What a great picture of Joe Frazier, the butcher from Philadelphia, and gold-medal heavyweight from the Tokyo Summer Games. For years, Frazier was the verbal punching bag of Muhammad Ali, tolerating all sorts of insult regarding his looks. But here, Frazier is looking handsome and cool in his PJs.
You can see the left hand in a cast. At the Tokyo Summer Olympics, he apparently broke his thumb in the semi-final match with Vadim Yemelyanov, the Soviet boxer he knocked out in the second round. He knew something was wrong with his hand as he had trouble gripping with it. But the hand felt better after soaking in cold water, and so he didn’t bother getting x-rays. Frazier went on to gain a 3-2 decision over Hans Huber of Germany to win gold. While he clearly favored his right, he did occasionally throw a left hook. In the locker room, he must have been feeling supremely
Kon Ichikawa’s film, “Tokyo Olympiad“, is considered a classic documentary. Perhaps since Leni Riefenstahl’s famous film on the Berlin Olympics, it has become de rigeur to make a film about the Games so that audiences can re-live the excitement.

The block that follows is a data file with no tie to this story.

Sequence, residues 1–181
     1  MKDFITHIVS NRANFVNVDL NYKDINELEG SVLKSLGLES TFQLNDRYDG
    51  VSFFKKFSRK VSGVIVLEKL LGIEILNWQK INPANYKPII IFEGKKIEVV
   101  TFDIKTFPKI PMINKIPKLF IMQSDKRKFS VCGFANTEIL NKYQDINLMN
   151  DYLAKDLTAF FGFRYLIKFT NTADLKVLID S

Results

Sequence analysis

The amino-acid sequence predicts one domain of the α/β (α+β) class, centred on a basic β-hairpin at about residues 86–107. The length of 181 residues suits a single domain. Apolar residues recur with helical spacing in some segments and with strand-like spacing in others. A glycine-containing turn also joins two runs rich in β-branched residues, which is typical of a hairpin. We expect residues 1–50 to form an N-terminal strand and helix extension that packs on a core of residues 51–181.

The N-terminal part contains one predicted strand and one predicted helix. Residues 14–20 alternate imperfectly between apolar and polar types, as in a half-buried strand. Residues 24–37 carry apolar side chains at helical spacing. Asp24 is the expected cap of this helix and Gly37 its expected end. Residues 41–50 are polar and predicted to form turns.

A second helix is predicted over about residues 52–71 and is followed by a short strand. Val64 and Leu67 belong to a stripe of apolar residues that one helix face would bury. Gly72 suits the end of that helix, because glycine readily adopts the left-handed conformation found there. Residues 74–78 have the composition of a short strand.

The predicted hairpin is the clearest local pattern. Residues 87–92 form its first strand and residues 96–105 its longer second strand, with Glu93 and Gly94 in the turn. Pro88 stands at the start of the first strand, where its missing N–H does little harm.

Planning for this film began in 1960, when the Japan Olympic Organizing Committee sent famed Japanese director, Akira Kurosawa to scout the Summer Games in Rome, and observe how the film on the Summer Games in Italy were produced. When Kurosawa and his team provided a budget estimate of about $1.5 million dollars, and also informed the committee that the receipts from distributing the Rome Olympic film was only half a million dollars, they realized they had to scale back.
Having said that the committee eventually selected Kon Ichikawa to be the director. And while the film is visually beautiful, Japan film historian, Donald Richie, writes in his book, “A Hundred Years of Japanese Film“, that so much, as they say, was left on the editing floor.
“Aesthetically, the picture is superb – a masterpiece of visual design,” writes Richie about this documentary by the renown Ichikawa. “One remembers the incisive use of slow motion during the track and field events; the beautiful repeated shots in the pole-vaulting competition; the fast zooms in the shot-put event, and the long, brilliant climax of the marathon – the work of the director and a staff of nearly six hundred people, including sixteen cameramen.”